The toughest call on the new work has yet to be made: Should the design of the proposed Superconducting Supercollider (SSC) be adapted to include magnets made of the new superconducting oxides? If the materials work technically, they will save the SSC-makers millions of dollars or permit the facility to operate at significantly higher power than now planned.

But researchers warn that the translation of superconducting research into engineering products is a slow and uncertain process. They fear an overcommitment to the new materials could backfire and delay the already ambitious project.

Crucial as they are, applications aren't yet about to dominate work on superconductors. Theoretical physicists must now revise their understanding of superconductivity in such a way as to account for the high maximum temperatures and the behavior of the oxides that are producing them. "There could be a very substantive challenge in understanding what's going on with these materials," declared NSF's Nosanow. In fact the effort to update the 1956 BCS (for Bardeen, Cooper and Schrieffer) theory has already started. Already, commented Robert Dynes, director of Chemical Physics Research at AT&T Bell Laboratories, "there's really good science going on."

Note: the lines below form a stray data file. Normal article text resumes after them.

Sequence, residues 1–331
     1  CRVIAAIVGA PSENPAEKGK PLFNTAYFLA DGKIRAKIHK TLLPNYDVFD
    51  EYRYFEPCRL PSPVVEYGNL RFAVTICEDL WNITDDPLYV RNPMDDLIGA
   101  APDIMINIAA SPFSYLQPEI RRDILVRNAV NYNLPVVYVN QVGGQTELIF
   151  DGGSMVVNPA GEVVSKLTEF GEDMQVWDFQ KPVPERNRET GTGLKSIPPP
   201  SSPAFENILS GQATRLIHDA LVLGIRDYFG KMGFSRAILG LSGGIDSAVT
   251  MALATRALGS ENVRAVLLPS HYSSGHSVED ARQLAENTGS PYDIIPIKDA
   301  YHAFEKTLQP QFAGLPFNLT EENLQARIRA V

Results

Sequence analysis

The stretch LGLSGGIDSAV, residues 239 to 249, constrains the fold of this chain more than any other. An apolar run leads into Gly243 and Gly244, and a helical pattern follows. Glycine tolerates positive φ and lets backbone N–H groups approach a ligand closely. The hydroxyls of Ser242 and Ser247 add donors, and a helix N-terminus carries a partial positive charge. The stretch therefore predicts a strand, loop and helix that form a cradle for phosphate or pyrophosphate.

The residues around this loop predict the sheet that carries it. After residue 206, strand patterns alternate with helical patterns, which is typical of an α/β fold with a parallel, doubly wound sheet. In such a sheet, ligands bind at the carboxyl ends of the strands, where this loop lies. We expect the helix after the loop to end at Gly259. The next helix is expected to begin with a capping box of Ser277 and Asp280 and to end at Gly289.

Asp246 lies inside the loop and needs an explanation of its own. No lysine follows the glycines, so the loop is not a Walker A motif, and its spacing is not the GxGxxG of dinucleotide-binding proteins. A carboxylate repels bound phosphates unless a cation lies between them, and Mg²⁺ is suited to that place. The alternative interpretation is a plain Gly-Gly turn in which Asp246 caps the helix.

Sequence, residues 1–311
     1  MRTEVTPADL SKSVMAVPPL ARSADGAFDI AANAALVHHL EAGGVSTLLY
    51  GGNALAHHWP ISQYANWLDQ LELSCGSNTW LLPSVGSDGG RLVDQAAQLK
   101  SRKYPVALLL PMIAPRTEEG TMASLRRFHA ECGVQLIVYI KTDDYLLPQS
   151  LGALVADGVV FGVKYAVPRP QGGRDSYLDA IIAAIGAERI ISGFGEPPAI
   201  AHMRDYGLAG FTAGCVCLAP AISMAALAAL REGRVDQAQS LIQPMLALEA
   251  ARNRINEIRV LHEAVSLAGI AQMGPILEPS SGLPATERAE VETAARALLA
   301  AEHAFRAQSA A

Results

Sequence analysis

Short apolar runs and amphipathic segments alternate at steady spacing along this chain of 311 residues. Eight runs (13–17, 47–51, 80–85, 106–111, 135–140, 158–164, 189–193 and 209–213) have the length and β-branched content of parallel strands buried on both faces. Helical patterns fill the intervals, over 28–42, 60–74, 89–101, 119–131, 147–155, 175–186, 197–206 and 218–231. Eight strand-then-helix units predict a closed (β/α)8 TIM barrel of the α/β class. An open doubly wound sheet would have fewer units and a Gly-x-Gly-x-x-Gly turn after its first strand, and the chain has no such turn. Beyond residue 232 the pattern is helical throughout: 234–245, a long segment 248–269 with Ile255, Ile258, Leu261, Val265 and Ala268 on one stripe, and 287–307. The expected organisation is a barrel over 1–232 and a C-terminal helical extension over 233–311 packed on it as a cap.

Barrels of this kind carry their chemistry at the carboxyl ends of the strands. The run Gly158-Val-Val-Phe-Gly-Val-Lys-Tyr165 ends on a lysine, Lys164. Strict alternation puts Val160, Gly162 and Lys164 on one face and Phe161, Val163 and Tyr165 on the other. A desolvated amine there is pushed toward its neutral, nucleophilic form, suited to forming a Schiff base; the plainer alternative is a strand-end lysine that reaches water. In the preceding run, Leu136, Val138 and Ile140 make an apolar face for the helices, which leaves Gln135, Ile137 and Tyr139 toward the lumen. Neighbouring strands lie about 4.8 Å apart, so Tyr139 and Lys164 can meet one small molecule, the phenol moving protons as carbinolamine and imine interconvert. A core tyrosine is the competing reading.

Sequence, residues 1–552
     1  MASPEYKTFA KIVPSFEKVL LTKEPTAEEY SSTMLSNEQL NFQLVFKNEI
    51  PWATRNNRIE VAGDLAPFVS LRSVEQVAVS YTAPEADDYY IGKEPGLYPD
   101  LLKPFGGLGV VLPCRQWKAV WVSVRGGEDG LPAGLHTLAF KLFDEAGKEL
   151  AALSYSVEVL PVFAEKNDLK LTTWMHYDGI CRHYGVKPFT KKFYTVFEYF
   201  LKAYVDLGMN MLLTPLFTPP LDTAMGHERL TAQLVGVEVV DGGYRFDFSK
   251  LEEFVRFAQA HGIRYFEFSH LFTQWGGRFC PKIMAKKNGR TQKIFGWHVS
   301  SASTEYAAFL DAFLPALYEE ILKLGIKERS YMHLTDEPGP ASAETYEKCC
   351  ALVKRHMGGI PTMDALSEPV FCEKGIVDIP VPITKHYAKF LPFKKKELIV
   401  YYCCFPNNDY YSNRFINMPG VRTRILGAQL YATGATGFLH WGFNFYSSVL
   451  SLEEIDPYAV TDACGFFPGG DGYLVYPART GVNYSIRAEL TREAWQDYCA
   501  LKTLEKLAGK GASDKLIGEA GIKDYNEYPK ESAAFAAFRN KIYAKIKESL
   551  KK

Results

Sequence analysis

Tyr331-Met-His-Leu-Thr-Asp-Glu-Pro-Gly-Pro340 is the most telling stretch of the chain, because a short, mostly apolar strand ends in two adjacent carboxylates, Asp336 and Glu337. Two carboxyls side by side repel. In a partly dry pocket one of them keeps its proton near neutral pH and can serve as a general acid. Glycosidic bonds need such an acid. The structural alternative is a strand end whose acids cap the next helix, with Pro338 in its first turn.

Gwynne is director of editorial operations for The Scientist.


The Frantic Pace of Discovery

NEW YORK—The past few months have seen new superconducting materials emerging almost daily, reports of new maximum temperatures for superconductivity arriving faster than the journals can handle them, and solid-state physicists participating in an unprecedented number of workshops in which results almost immediately become redundant.